Another interesting feature of the knife is the “dog bone” on the pommel. This is there to help when trying to use the knife as a chisel. Although I don’t usually use a knife this way, I have tried it a few times when breaking down rotting stumps and logs to get to fat wood and it works quite well.
The knife is well designed to help with one of the primary chores out in the bush, and that’s starting a fire. Since the knife is made from 1095 high carbon steel, and is uncoated by any finishes except blueing, it excels as a fire steel with a good piece of Chert or Flint. I usually carry a dedicated fire steel (made from an old file) but it’s nice to know I have a solid back up.
Next, the knife comes with a very nice 90 degree spine, very useful for striking a ferrocerrium rod and processing tinder for igniting. It also has a unique half circle feature on the spine designed for use with a ferro rod. To utilize this, you flip the knife the opposite way as you would striking a ferro rod normally. This puts the opening of the half circle pointing towards your tinder, then strike as normal. What I’ve found is this acts similar to a reflector in a flashlight and focuses all the molten material into one general area, rather than it flying around like it was fired from a shotgun. The only modification I plan to do here is to make it a bit larger so my preferred 1/2” ferro rods fit better.
The knife also includes a nice divot in the G-10 handle for use as a bearing block when making a bow drill fire. The bearing block can often be a difficult piece to create in the wild, depending on what resources are available. To help lubricate the spindle, I put pine resin in the divot. The spindle action polishes the resin, and if it gets hot enough it melts and lubricates the spindle. I also like to wrap the choil area with a piece of bank line that I’ve used for bow drills before. This gives me a pre-stretched piece of cordage for a bow should I ever need it, and also cushions the choil area when I’m choked up on the knife.
Overall, this is a very rugged and useful tool out in the bush, but it’s size and weight make it a bit cumbersome to carry full time. I don’t bring it with me on day trips for this reason, but anything longer and I do. If I could only bring one knife, this would be the one.
Mora Garberg Carbon
Next up is my Carbon Mora Garberg. This knife is a bit smaller than my SRT at 9” overall with a 4 1/2” blade. While it doesn’t excel at chopping like the purpose built SRT, it is a great all around camp knife.
It’s full tang 1095 high carbon blade is about 1/8” thick and comes with a razor sharp Scandi grind. The tang protrudes about an 1/8” out of the handle and this portion is great for scraping a ferro rod or tinder.
Mora makes two different sheaths, a flap covered belt sheath and what they call a multi mount sheath. The multi mount sheath is what I have since it allows for mounting to MOLLE webbing.
Mine rides on the bottom of my chest pack full time so that it is always ready to go. With it and the other contents inside I have a very good setup for any grab and go situations.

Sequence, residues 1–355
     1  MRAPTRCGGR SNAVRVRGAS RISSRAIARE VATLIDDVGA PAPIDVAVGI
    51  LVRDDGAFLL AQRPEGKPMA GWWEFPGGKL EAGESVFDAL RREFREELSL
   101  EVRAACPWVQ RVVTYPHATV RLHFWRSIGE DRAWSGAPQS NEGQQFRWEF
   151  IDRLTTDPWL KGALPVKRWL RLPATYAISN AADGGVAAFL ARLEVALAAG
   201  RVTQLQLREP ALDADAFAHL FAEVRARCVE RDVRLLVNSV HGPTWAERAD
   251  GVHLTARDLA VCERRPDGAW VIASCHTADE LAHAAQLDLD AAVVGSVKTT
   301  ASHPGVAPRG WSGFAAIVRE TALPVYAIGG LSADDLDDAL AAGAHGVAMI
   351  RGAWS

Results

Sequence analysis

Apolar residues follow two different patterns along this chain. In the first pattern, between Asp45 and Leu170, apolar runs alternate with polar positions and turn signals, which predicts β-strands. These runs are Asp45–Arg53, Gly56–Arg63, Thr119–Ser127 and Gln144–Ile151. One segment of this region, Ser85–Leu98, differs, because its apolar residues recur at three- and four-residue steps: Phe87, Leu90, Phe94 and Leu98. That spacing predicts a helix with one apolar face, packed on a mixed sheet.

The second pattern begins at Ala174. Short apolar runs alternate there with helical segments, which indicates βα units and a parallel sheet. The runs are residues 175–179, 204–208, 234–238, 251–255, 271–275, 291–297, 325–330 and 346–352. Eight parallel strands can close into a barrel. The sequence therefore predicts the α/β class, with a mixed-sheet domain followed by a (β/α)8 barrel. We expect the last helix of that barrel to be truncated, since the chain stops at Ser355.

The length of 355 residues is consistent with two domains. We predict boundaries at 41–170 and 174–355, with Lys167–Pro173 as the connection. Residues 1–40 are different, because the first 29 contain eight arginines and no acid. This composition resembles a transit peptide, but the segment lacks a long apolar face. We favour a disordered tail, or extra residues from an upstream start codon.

While not packing as many features as the SRT, it still has the right stuff where it counts. Being a high carbon steel knife, it too excels in use as a fire steel. It also happens to come with the best 90 degree spine I’ve personally seen, great for striking a ferro rod and scraping tinder. The blade is finished with a treatment similar to blueing. The handle is a molded polymer with a very grippy texture, fitting my medium sized hands very well.
At a price point of around $100, with the sheath, I feel like it is one of the best knives you can get. It’s my personal recommendation for anyone just getting started. It’s size is a great balance, being large and durable enough to do most things, while being small enough to comfortably carry. If you’re looking to invest in one knife and be done, you couldn’t go wrong with this one.
Cold Steel Finn Wolf
Next is my Cold Steel Finn Wolf. I like to carry a folder all the time, and this one has been great. It’s a stainless knife, but I’m OK with that because I like that kind of durability in something I’m just throwing in my pocket for daily carry. I know that stainless is harder to sharpen in the field, but with this knife I hope I don’t find myself in that situation since I’ll have one of my other knives with me typically out in the bush.
With its 3.5 inch long, 1/8” thick Scandi grind blade it is a very good slicer. It also surprisingly came with a really good 90 degree spine, although I keep the knife folded when I’m using it with a ferro rod.
The scales aren’t anything really fancy, feeling like the same polymer PMags are made from. But at $35, I’m just fine with that. It allowed my to stipple the scale so my thumb can get a good purchase on it when drawing it.
The belt clip is a very sturdy stainless design. One problem I had was the screws attaching it started to back out, but I’ve since loctited them and haven’t any more problems.
I believe the locking system is a very strong design, having batoned smaller diameter rounds easy enough with no signs of weakening. It opens smoothly and locks open very positively.
In conclusion, there are as many ideas on good knives as there are “you know what’s”, but I hope I’ve been able to share something that you might be able to find useful if you’re looking for your first, or next, knife.